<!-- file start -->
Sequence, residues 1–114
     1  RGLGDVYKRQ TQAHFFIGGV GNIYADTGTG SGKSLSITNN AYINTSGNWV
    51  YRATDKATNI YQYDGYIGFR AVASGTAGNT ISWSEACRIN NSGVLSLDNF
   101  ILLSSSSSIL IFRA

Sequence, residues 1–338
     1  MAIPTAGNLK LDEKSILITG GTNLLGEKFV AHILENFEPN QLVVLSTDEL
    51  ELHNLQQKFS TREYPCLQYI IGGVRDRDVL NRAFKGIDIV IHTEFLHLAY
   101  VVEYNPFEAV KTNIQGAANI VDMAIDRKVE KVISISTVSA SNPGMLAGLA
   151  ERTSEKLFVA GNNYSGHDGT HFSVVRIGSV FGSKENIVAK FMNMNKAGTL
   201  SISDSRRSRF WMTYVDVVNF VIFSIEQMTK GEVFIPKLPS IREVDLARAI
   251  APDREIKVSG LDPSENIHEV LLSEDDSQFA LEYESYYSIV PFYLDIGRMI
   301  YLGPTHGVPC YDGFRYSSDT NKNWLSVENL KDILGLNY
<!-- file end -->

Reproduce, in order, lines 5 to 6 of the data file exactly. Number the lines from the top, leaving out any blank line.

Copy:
Sequence, residues 1–338
     1  MAIPTAGNLK LDEKSILITG GTNLLGEKFV AHILENFEPN QLVVLSTDEL